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Tacos and lucha libre: How one Dallas festival put Latino culture in the spotlight

By Obed Manuel

There was a special feeling at the end of the night as the first ever Taco Libre festival in Dallas came to a close.

Even as the bright red stage lights flashed on the dancing mass of people and the members of Grammy-winning Ozomatli jammed out on the stage and urged the crowd to sing and jump, that feeling was not the bass emanating from the giant speakers or the ground slightly shaking,

It was the fact that in a major American city, at a mainstream American festival, Latino culture found itself front and center, on full display for everyone to see.

Sure, the organizers and the taqueria owners that helped put on the event included many Latinas and Latinos and the festival was billed with Latin flavor, but events put on in the heart of downtown Dallas – where the price of anything increases two-fold – tend to draw in mostly white crowds.

Such was not the case Saturday. At a time when the national conversation in the U.S. is plagued by questions of racial intolerance, tacos and Latin zest brought together people of all races and backgrounds.

The day started off at 2 p.m. as just as the blazing Texas sun reached its peak and beamed down on festival goers (and line-waiters).

By 4:30 p.m., event organizer Tami Thomsen said, the 4,000 available tickets had sold out. One taqueria reported having sold 1,700 tacos.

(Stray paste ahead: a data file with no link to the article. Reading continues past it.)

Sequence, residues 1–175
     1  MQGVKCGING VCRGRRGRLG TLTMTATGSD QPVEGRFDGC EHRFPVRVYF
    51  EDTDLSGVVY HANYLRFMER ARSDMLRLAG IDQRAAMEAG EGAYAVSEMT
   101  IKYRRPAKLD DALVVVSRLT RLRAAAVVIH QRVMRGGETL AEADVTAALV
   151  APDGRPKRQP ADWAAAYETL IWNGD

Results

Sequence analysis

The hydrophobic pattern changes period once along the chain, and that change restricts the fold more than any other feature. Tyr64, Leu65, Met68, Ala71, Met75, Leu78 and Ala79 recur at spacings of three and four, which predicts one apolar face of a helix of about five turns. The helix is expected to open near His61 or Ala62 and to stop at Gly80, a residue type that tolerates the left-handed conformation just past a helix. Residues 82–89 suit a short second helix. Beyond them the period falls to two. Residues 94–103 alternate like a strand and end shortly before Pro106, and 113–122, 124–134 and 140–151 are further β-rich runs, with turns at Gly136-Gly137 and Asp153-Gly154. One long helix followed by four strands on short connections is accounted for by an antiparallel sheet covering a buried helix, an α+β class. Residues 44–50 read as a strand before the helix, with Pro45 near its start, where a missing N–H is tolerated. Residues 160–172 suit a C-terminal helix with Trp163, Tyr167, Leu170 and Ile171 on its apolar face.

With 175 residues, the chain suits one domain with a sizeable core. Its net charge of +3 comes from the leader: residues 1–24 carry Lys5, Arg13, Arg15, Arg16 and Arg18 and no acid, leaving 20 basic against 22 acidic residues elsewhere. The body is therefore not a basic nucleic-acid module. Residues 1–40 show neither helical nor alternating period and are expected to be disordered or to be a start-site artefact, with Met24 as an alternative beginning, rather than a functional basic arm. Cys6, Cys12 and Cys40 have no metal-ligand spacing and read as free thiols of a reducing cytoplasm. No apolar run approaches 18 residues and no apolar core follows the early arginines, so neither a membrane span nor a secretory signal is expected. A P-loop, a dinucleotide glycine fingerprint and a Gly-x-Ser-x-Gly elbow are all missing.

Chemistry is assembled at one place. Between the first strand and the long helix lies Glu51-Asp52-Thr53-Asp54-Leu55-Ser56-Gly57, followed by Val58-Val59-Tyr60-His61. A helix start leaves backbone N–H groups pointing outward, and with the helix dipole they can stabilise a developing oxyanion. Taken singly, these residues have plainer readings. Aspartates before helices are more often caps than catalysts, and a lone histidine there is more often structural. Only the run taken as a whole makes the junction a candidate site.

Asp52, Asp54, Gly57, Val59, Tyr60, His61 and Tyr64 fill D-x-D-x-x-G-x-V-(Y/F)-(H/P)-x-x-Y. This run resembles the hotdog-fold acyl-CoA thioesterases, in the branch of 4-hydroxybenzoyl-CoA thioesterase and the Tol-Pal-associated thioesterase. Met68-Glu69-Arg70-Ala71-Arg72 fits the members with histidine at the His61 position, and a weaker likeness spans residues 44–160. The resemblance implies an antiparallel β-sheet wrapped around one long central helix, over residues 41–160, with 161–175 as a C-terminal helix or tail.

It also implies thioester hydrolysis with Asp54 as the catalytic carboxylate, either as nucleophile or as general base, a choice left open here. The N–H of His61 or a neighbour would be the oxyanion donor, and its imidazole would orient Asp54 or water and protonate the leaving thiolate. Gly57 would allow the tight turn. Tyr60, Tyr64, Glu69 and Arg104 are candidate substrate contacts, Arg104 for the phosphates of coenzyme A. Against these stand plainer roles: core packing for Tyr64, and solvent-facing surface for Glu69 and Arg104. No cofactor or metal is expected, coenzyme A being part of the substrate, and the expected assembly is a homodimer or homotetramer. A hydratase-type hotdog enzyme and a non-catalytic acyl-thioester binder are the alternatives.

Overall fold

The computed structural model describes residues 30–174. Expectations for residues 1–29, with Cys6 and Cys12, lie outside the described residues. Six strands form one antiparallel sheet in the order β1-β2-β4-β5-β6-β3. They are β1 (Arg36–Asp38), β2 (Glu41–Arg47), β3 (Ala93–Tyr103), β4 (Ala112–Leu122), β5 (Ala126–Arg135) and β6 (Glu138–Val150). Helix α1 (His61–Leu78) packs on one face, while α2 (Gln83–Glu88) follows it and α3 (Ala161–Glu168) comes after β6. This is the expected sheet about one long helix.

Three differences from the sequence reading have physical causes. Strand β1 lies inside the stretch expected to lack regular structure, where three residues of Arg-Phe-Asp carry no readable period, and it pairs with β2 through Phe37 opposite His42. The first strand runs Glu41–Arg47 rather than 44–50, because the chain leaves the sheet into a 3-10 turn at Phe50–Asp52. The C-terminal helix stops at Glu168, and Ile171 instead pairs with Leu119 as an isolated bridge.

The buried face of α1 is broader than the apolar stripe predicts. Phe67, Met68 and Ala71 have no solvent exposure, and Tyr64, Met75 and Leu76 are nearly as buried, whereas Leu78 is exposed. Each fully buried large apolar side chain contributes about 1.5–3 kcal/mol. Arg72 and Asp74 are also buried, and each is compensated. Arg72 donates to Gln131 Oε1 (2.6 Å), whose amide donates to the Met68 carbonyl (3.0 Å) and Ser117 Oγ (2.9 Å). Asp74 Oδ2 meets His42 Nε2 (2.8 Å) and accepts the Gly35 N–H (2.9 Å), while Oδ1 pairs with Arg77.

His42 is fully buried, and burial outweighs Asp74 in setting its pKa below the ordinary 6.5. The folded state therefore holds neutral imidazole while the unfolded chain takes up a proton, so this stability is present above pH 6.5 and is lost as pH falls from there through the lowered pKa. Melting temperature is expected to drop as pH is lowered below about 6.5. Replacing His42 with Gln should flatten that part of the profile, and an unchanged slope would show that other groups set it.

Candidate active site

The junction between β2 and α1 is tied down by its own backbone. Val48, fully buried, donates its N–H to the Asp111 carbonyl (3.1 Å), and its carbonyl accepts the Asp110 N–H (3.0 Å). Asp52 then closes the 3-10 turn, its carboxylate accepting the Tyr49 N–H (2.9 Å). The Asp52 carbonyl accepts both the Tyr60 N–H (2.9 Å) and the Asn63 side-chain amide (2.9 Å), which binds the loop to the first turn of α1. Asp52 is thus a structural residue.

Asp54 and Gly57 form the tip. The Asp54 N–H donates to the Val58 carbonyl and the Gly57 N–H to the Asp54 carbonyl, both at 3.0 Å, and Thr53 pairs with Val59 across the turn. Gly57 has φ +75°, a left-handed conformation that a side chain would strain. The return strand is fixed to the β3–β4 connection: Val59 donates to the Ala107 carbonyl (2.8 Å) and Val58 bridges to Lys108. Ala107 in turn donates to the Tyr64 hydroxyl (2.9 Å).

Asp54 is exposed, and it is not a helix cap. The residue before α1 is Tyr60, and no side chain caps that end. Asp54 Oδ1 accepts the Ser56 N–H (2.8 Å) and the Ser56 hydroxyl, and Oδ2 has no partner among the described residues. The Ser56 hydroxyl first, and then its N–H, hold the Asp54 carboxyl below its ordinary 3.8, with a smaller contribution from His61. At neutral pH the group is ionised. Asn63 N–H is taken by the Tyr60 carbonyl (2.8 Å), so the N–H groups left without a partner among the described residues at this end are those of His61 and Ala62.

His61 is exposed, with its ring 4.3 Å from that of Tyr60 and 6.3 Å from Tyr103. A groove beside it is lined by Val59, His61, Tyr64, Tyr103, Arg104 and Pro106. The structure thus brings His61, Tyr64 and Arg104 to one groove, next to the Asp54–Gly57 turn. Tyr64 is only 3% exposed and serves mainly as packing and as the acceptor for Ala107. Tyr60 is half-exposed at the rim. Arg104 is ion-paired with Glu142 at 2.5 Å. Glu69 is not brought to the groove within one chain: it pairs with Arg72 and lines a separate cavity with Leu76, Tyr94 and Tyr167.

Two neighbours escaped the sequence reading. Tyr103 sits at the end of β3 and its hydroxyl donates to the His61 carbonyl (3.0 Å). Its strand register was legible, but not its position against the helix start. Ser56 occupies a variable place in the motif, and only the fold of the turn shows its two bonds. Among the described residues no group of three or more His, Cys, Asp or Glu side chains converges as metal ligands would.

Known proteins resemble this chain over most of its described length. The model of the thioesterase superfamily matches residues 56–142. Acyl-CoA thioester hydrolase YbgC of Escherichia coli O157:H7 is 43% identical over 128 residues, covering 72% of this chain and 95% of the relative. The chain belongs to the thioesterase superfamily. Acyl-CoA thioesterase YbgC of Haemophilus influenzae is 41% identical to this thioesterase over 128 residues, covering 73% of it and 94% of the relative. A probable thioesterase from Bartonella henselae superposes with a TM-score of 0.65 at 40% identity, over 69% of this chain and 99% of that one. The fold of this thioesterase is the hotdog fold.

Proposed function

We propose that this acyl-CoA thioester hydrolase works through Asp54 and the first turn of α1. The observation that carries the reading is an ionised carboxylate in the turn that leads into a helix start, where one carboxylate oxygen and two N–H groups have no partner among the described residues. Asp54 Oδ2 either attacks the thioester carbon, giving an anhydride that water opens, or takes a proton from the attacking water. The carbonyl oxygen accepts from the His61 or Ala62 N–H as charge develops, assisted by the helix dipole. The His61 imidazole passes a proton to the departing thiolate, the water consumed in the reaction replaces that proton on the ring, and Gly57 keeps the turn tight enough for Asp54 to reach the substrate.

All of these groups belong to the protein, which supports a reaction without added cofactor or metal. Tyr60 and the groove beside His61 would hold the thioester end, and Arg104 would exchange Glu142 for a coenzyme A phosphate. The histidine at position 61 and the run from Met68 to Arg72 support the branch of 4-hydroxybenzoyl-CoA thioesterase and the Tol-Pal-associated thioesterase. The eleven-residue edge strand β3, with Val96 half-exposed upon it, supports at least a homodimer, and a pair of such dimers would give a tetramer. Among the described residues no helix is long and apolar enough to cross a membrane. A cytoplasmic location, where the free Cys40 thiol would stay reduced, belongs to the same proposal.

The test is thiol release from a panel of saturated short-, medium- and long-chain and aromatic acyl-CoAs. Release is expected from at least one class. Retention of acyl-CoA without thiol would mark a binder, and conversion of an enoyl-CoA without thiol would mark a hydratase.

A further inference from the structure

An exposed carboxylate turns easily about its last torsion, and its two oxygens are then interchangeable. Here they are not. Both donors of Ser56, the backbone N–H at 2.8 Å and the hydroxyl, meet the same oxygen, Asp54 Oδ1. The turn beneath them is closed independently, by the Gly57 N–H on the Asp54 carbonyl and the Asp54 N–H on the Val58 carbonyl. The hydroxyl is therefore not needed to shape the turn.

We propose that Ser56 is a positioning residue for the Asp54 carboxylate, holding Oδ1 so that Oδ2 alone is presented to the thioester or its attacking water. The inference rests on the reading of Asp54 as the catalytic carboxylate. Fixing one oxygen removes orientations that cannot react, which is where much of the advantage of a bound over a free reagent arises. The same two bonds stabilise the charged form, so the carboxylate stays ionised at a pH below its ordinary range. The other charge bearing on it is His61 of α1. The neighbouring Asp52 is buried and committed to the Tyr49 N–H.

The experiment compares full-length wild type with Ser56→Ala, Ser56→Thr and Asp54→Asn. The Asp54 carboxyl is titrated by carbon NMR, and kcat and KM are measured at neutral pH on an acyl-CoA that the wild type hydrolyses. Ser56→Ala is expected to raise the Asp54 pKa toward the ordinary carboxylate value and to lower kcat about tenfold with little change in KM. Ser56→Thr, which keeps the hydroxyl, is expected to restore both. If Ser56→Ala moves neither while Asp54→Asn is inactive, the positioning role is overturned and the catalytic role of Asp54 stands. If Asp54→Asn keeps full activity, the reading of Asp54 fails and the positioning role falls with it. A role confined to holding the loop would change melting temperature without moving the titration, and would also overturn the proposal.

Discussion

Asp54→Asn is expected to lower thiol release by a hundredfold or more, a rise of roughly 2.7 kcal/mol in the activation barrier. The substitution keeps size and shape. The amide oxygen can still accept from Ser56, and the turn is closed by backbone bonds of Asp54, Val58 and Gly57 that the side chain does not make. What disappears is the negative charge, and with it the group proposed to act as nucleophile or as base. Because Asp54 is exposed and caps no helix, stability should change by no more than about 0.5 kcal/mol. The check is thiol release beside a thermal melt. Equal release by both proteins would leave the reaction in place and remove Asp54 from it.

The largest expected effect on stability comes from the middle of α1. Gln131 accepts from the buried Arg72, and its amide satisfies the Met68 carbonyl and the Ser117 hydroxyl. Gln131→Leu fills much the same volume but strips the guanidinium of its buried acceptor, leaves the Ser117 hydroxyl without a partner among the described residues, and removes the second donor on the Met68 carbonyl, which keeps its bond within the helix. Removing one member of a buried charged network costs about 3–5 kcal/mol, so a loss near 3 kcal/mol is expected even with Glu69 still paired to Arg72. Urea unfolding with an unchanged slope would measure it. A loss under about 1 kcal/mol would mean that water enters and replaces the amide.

It’s easy to call out the food as the main attraction. Where else would anyone find 14 popular taquerias within 100 yards of each other?

Tasty as they were, the tacos were what festival goers sought out between breaks of music and open-air, classic lucha libre. At one end of the park, was the main stage where Dallas local Dustin Cavazos provided his smooth hip-hop flows and Piñata Protest followed with their accordion-laden punk rock that made heads bang.

It was on the western edge of the park, near the entrance where a cultural bridge was presented in the form of a stained wrestling ring mat.

Local lucha libre promoter Sergio Reyes brought out eight of his top talents to put on matches scattered between 45-minute intervals. Their raw Mexican style attracted everyone and it kept them there, even at times attracting bigger crowds than some of the musical acts.

The luchadores insulted each other in Spanish and their costumes and masks might as well have been made in Mexico City. But all the same, everyone cheered and jeered.

After the sun went down, Ozomatli drove the point home: everyone was there to enjoy a collection of Latino culture. Ozomatli’s saxophone and trumpet roared as the group’s loyal fans danced to salsa and cumbia tunes.

In that dancing mass, it didn’t matter what part of the city the dancers came from. All that mattered was that they enjoyed a taco, they cheered on a luchador and that they were dancing in unison.

That was a beautiful feeling. 

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